Frustrated by a stagnant political process, the Palestinian people have spoken - they want reconciliation between Hamas and Fatah. But can their leaders deliver?
It seemed so at first glance last week. After street protests in Ramallah and Gaza saw thousands calling for a new unity government, Hamas's prime minister Ismail Haniyeh hastily invited Mahmoud Abbas, the president of the Palestinian Authority, to Gaza. Mr Abbas, all too aware of the Palestinian Authority's crumbling support, had little choice but to respond.
Yet more than a week later, hope has been checked by realpolitik. Hamas has brutally suppressed protests in Gaza city, arresting and detaining demonstrators. The exchange of fire between militants in Gaza and Israel has been no coincidence either, as hardline elements in Hamas attempt to scupper unification, determined to retain control of the Strip by diverting attention from any talk about reconciliation.
For its part, Fatah is fractured. While Mr Abbas has called for an interim government to oversee elections, many from his corner have expressed scepticism at beginning any conversation with Hamas. Azzam al Ahmad, a senior member of Fatah who led an attempt at reconciliation last year, has flatly and very publicly rejected the idea of engagement today.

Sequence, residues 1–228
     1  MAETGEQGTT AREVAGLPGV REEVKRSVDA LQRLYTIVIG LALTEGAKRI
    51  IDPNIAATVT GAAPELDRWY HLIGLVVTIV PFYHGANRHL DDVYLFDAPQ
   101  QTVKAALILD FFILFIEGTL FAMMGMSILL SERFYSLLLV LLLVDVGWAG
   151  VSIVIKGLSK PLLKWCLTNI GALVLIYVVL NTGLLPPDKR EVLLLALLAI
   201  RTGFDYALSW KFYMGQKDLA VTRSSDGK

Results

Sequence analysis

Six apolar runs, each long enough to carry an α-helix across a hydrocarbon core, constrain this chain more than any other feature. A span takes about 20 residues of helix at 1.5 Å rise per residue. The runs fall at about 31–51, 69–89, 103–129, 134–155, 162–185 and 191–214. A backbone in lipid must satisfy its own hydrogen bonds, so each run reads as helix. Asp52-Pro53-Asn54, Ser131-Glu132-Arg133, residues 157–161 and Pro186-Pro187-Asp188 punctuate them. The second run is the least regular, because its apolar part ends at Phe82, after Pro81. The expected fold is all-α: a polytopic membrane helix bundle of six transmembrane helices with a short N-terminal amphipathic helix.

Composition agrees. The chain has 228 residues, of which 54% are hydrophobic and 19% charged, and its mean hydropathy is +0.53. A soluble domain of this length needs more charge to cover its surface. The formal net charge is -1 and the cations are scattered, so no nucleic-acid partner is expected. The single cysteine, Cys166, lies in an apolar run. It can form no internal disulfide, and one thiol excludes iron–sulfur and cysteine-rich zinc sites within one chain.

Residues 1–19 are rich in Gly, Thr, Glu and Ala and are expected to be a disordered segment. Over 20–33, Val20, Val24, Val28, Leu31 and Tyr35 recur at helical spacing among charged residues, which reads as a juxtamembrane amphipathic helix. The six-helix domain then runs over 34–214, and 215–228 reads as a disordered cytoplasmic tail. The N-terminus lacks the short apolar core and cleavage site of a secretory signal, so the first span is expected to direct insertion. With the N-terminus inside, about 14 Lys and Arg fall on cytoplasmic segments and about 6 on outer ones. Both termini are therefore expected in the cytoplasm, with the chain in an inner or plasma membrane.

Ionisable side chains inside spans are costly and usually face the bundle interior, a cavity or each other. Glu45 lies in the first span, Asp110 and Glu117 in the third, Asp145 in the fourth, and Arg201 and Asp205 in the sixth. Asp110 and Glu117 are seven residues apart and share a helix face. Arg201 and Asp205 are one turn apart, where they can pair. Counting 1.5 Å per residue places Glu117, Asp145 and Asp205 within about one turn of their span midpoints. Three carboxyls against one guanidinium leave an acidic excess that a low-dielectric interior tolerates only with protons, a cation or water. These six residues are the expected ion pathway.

Then, as now, a peace deal mediated by Egypt remains held up by disputes concerning security and representation. Fatah refuses to share security with Hamas in the territories, while Hamas will not tolerate accepting the Palestine Liberation Organisation as the sole representative of the Palestinian people. Few believe that a show of goodwill by Mr Abbas in Gaza could re-open the debate, especially now, without an Egyptian broker at the helm.
Yet unrelenting protests on the street have shown that the Palestinian people have little patience for infighting. Leaked Palestinian papers in January, which showed the Palestinian Authority's complicity with Israel during peace negotiations, have left it with limited political leverage. Hamas's violent rule of the Strip since the 2006 election has also yielded little but grief for Gaza's 1.5 million inhabitants.
One need only look at yesterday's bombing in Jerusalem to see that talks are all the more necessary in an atmosphere of escalating violence.